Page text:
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Whiteout Mea Culpa: Kentucky Paper Apologizes for Lack of Civil Rights Coverage 40 Years Ago

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This July 4th, the Lexington Herald-Leader newspaper in Kentucky issued a front-page apology for failing to adequately cover the civil rights movement four decades ago. We speak with the author of the newspaper’s mea culpa and a retired social worker who took photographs of Lexington civil rights activism in the 60s that were ignored by the local papers and never published at the time in the Lexington Herald and Lexington Leader. [includes rush transcript]

On July 4th, a front-page article in Lexington Herald-Leader newspaper in Kentucky read: “It has come to the editor’s attention that the Herald-Leader neglected to cover the civil rights movement. We regret the omission.”

In a series of articles titled “Front-page news back-page coverage” the Herald-Leader issued an apology for failing to adequately cover the civil rights movement four decades ago. The correction marked both Independence Day and the 40th anniversary of the signing of the Civil Rights Act of 1964.

The mea culpa notes that the omissions by the city/s two newspapers, the Lexington Herald and the Lexington Leader, weren’t simply mistakes or oversights–The papers’ management actively sought to play down the movement.

As one former Herald editor put it: “The management’s view was that the less publicity it got, the quicker the problem would go away.”

The paper’s apology says that the inadequate coverage “hurt the civil rights movement at the time, irreparably damaged the historical record and caused the newspapers’ readers to miss out on one of the most important stories of the 20th century.”

  • Linda Blackford, staff writer for the Lexington Herald-Leader who researched and wrote the paper’s apology.
  • Calvert McCann, retired social worker, took photographs of Lexington civil rights activism as a high school student—some were recently published in Herald Leader.

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This is a rush transcript. Copy may not be in its final form.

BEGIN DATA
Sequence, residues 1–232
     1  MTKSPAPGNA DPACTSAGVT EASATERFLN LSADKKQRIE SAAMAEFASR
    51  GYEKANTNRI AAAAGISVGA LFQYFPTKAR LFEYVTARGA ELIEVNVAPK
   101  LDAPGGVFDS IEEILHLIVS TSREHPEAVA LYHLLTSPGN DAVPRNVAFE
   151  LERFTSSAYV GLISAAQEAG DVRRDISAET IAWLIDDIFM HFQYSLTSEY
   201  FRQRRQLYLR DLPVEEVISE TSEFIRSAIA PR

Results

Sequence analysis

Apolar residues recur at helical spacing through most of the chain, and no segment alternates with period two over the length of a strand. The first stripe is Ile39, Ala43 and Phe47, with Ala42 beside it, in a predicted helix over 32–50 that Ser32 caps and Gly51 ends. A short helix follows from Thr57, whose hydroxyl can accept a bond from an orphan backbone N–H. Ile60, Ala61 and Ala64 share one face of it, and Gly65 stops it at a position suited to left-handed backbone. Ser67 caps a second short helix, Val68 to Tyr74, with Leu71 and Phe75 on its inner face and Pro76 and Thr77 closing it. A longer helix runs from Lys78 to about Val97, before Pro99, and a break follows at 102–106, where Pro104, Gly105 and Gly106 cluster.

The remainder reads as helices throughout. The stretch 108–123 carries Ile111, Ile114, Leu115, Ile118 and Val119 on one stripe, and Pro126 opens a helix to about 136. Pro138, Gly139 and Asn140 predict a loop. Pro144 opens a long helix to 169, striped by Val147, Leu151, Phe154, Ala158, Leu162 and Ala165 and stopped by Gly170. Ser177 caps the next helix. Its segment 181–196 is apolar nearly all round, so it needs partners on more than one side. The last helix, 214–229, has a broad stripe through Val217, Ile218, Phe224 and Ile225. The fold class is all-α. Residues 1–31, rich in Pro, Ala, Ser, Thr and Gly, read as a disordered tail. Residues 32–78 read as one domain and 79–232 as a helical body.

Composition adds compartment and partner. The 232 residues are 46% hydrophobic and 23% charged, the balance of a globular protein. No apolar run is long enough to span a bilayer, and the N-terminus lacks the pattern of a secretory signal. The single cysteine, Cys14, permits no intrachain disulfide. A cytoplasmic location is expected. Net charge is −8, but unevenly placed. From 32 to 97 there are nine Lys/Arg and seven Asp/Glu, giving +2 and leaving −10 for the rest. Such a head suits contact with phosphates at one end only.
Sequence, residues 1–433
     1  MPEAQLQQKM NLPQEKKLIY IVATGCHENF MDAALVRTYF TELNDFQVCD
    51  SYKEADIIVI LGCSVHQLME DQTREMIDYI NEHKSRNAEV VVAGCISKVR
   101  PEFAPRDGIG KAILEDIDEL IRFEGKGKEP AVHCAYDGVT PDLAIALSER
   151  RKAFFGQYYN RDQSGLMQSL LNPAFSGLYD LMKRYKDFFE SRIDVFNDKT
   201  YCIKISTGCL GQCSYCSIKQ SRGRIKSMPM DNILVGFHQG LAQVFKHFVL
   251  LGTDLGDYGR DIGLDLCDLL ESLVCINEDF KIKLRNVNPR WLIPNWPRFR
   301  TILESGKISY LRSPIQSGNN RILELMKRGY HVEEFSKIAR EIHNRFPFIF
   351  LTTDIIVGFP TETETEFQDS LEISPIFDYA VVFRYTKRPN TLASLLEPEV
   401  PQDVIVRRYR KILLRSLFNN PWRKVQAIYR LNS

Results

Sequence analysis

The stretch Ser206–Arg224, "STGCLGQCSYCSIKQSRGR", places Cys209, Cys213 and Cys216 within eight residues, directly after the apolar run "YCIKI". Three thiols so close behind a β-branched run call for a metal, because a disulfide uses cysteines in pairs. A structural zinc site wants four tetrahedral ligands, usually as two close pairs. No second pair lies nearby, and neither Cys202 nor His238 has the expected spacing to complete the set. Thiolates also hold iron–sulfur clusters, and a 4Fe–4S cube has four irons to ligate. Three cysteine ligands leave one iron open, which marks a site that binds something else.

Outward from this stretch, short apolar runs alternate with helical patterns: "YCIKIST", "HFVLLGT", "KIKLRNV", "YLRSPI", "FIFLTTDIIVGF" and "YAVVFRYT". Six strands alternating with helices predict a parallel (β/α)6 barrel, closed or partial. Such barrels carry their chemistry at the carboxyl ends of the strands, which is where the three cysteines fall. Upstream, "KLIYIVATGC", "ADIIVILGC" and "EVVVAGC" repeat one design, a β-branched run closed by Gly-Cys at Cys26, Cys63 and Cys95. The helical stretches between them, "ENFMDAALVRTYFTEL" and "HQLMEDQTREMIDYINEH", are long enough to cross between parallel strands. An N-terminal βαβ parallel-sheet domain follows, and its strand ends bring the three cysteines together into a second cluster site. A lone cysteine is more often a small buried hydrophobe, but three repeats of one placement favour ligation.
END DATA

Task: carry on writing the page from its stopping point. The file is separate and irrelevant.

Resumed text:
AMY GOODMAN: We’re joined by Linda Blackford, a staff writer for the Lexington Herald who searched and wrote the apology. How did you begin your research and what was the turning paper where the paper 40 years later said we got it wrong?

LINDA BLACKFORD: Two things happened. We were doing research for coverage of the 50th anniversary of the Brown v. Board Ed. decision and we can’t find any stories in the archives about what had happened locally. About that same time, John Carroll gave a speech at an editor’s meeting talking about corrections. He was sort of joking, but he said that the Herald, we should have run this correction, The Herald-Leader neglected to cover the civil rights movement. Our project director said what do you think about this, and we sort of started talking about it. And the story was born. So, we started talking to former reporters and civil rights demonstrators who were still in town, and that’s how we got started.

AMY GOODMAN: And what does it mean to say that you didn’t cover it at all?

LINDA BLACKFORD: Well, I think that maybe that’s a little strong. There was coverage of big marches. It was offered like a police report. It was covered only when people were arrested. Or when there was some kind of a complaint about it. The ideas of why these young people were demonstrating was completely ignored. The sort of larger hopes of the group and what they were trying to change was completely ignored. Everything was geared toward arrests and sort of public unrest.

AMY GOODMAN: We’re also joined on the line by Calvert McCann, retired social worker who took photographs of the Lexington civil rights activism as a high school student. Were they published at the time?

CALVERT MCCANN: No. They weren’t published — well, some papers outside of Lexington published them. The Louisville Kentucky paper and I think the Pittsburgh Courier may have carried some articles, and some of my photos.